The Robert Mueller-led special counsel investigation has been investigating alleged Russian interference in the 2016 election, and indicted a number of Russians accused of operating an online “troll farm” to hack computers, manage fake social media accounts and sow discord among the U.S. electorate.
Within that collection of Russians is Concord Management and Consulting, a firm accused of funding the alleged trolls. Concord surprisingly pushed back against the indictments, and the defense attorney they hired, former assistant U.S. Attorney Eric Dubelier, has been giving Mueller and his team more than they bargained for in the fight.
Rowan Scarborough of The Washington Times reported that Dubelier, who now works as a private litigator for the Reed Smith law firm and represents Concord, has emerged as Mueller’s “most persistent courtroom critic.”
In both oral arguments and via court filings, Scarborough writes, Dubelier has made it abundantly clear that he views Mueller as a “rogue” prosecutor who has ignored the established guidelines of “the real Justice Department,” a distinction that obviously implies a drastic difference between the DOJ and Mueller’s special counsel team.
He has also alleged that Mueller wants to “whisper secrets to the judge” as part of a calculation to obtain the “short-term political value of a conviction” without worrying about defending such a conviction against an appeal at a later date.
As evidence of such, he has pointed to Mueller’s top prosecutor, Andrew Weismann, who has a history of aggressively seeking convictions that were later overturned on appeal, such as in the case against the Enron energy company and the accounting firm associated with it, Arthur Andersen, who were nevertheless destroyed as a business by the faulty conviction.
“Mr. Dubelier is exactly right on Mr. Mueller’s motives and tactics,” said former prosecutor Sidney Powell, author of “License to Lie,” a book which documents some of the scandals of the Justice Department. “His lieutenant Weissmann is the poster boy for prosecutorial misconduct and has no regard for the facts or the law. He will make up whatever he wants to win, and the entire like-minded team views as an accomplishment everyone whose life they destroy in pursuit of their objective.”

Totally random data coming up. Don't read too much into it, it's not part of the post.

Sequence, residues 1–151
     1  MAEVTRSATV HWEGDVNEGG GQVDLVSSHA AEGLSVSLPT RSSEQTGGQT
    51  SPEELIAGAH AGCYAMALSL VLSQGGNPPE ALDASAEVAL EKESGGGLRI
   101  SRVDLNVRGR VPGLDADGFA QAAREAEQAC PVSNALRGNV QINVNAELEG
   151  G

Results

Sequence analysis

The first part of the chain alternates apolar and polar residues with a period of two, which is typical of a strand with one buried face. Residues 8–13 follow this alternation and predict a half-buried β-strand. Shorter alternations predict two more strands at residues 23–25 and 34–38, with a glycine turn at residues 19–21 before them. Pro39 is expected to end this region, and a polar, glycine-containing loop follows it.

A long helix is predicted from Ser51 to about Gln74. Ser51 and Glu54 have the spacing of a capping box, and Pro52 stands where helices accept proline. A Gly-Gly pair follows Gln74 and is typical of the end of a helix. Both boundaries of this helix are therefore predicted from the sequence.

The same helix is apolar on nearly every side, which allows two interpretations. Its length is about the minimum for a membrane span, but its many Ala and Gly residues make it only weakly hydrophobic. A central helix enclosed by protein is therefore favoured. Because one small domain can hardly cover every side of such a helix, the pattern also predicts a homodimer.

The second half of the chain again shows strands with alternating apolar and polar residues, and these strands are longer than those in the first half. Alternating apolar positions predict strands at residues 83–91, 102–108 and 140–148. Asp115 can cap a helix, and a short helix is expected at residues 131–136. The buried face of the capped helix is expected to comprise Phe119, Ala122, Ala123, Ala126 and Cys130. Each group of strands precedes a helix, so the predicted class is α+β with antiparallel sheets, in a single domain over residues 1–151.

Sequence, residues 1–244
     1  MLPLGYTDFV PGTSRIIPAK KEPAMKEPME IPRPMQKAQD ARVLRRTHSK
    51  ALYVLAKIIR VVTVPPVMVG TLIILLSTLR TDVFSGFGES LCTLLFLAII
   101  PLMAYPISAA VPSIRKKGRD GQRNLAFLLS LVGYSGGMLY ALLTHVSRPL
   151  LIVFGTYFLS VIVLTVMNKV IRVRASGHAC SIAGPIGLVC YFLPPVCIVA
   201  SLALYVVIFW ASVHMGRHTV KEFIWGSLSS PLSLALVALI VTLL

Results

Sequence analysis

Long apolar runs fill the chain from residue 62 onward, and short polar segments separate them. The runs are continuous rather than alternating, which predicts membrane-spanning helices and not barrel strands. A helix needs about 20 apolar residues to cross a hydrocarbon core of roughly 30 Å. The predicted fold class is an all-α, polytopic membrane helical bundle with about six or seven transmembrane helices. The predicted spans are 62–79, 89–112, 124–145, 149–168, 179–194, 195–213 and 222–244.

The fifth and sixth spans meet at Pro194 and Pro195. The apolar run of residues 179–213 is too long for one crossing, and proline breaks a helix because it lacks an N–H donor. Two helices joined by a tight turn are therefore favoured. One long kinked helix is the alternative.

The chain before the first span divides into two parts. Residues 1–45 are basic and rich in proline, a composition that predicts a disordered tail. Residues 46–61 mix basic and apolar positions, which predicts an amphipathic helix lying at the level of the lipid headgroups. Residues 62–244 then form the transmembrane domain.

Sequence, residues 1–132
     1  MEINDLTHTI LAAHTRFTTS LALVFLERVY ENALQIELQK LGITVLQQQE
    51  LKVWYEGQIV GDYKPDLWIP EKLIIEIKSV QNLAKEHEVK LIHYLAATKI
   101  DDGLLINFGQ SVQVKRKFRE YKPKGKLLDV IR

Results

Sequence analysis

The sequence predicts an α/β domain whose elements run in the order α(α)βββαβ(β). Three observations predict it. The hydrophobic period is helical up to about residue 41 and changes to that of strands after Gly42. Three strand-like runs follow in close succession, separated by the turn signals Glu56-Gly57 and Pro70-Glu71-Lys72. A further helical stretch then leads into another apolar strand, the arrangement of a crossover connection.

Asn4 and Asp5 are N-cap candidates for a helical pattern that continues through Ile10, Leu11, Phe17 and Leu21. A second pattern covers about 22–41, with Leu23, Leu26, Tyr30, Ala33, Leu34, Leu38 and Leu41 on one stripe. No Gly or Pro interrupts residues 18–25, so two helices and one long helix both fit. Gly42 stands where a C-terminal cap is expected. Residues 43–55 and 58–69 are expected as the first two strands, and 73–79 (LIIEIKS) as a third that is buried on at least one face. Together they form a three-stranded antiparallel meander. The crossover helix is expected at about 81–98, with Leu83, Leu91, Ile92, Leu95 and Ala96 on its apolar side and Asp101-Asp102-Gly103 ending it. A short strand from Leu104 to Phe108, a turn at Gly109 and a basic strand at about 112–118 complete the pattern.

In July, Dubelier accused Mueller of essentially creating a “make-believe” crime” against his client. He has also suggested that Mueller’s team has withheld evidence from him and his client and violated the confidentiality of counter-evidence they have submitted.
Nobody, including Mueller’s team, expected Concord to fight against the indictments, but Dubelier has dutifully demanded that all evidence against his clients be disclosed.
Mueller’s team has argued that much of the evidence against Concord is “sensitive” and can’t be turned over, and the judge thus far has seemed to agree with Mueller, leaving Dubelier and Concord ignorant of what is being used against them.
Why not Christopher Steele too?
Dubelier has also set his sights on the obvious “selective prosecution” of Mueller’s team, and has openly asked in court why Mueller wasn’t prosecuting former British spy Christopher Steele — who wrote the anti-Trump dossier that ultimately led to the Mueller investigation — for interfering in the 2016 election or failing to register as a foreign agent, the same sort of charges filed against members of Concord and other Mueller targets.
The judge in the case has consistently sided with Mueller, and while Dubelier and his clients may eventually win the case on appeal, things don’t look to be trending in their favor as of now.
Critics view Mueller’s investigation as a one-sided affair with the overarching goal of getting President Donald Trump, or at least damaging him with the appearance of impropriety or criminal activity.